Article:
Importance of focusing on the fundamentals:

At some point in our lives, we will hit a wall. We will reach a place where nothing seems to be going our way. Everything that we do, seems to only make things worse. At these times, it is super critical to go back to focusing on the fundamentals.

It is not easy. It will not feel like the right thing to do. It will feel like too simplistic. However, go back to the fundamentals. There are hardly any situations which can’t be fixed by clearly focusing on the fundamentals.

When we screw up and no one says anything, that means that they’ve given up on us:

We never succeed in vacuum or by ourselves. Everyone needs a team who back you, who take care of you, provide feedback, encouragement, a pat on the back and a kick in the butt {when we deserve one}. So, we need to be intentional about who we have as part of our team and the kind of feedback we get from the team.

If we get the occasional kick in the butt and the harsh feedback, you are doing well as a team. If you never get this, beware! If we never get any harsh feedback when you screwup, it can only mean one thing – our team has given up on us and the result can only be one thing – inevitable decline and irrelevance.

The power of enthusiasm:

There is nothing worthwhile that can be achieved without the power of enthusiasm. Enthusiasm is the energy that drives the world around. So, if you want to do anything worthwhile, it is critical that we are enthusiastic. Enthusiasm is also infectious, so our enthusiasm not only helps us with the energy we need to make things happen, but it also spreads to people around us.

Experience is what you get, when you didn’t get what you wanted:

If we are enthusiastic and are willing to do what it takes to make our dreams (and others’ dreams) come true, it is quite likely that we will fail at some of them. It is to be expected that not all the dreams will not come to fruition. However, as long as we did everything we could do to make them a reality, we can accept the reality. Just like Randy realised that he could not play professional football and was ok with it.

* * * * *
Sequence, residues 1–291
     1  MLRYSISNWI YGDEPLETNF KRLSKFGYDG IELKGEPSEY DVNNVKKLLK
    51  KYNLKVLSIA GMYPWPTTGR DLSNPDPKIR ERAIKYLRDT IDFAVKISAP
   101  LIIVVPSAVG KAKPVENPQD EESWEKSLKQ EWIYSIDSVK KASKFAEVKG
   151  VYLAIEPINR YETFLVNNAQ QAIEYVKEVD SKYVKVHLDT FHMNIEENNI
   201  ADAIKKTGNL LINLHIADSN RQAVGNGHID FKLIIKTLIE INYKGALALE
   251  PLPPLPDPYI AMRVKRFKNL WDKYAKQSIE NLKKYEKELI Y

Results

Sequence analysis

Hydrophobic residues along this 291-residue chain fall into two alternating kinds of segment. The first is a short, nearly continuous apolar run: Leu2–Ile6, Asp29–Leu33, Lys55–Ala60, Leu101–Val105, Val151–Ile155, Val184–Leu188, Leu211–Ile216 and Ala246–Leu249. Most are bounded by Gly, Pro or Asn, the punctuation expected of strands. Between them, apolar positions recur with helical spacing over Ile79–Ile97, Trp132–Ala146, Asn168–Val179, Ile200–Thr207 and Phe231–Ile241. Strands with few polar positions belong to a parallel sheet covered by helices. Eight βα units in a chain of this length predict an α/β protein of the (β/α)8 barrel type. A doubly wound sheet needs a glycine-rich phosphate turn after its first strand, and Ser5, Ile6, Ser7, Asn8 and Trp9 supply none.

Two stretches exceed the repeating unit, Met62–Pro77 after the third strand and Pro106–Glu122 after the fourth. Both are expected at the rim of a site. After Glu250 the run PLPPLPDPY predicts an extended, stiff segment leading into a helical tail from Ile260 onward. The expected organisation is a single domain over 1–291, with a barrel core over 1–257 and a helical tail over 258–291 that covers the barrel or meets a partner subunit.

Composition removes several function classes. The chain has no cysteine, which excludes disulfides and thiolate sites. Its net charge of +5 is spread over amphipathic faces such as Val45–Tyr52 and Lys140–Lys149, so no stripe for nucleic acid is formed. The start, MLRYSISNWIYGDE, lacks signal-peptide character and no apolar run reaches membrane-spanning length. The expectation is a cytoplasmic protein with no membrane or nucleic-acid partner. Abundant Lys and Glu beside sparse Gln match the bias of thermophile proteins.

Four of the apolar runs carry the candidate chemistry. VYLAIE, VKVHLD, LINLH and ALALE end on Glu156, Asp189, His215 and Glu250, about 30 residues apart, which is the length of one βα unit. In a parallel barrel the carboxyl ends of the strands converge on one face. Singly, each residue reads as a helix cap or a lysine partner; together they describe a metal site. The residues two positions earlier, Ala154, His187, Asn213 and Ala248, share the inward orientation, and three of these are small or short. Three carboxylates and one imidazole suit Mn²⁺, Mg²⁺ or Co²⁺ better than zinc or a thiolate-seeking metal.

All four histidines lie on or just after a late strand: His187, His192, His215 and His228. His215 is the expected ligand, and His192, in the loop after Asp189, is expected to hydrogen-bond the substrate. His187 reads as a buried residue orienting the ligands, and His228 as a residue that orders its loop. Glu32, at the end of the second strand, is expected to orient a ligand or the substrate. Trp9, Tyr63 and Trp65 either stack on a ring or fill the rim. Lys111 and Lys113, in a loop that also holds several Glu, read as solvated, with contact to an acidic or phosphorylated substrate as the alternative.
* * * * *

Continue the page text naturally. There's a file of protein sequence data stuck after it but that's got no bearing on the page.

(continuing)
However, it is important to introspect, reflect and bring to light everything that we learnt as a result of us going after the dream. Then abstract it to the right level to make it a learning for life. What we experienced as a result of our efforts can be easily turned into wisdom, if we put in a bit of effort. And looking at the results from this lens allows us to move on and go after our next dream.

The concept of “head fake”. Most of what we learn, we learn indirectly:

One of the most fascinating thing that I learnt from the talk is the concept of a head fake. He shares that most of what we learn in our lives, we learn indirectly.

When I was growing up, I used to love to play Cricket. When I was about 15 years old, I was identified as one of the potential players to be groomed and so invited to attend a camp with an experienced coach. At the end of the camp, two things happened.

The coach said that I had a great cricketing mind, but my body isn’t able to keep up. So, the chances are that I might not progress too much in the league and have to look at a different career.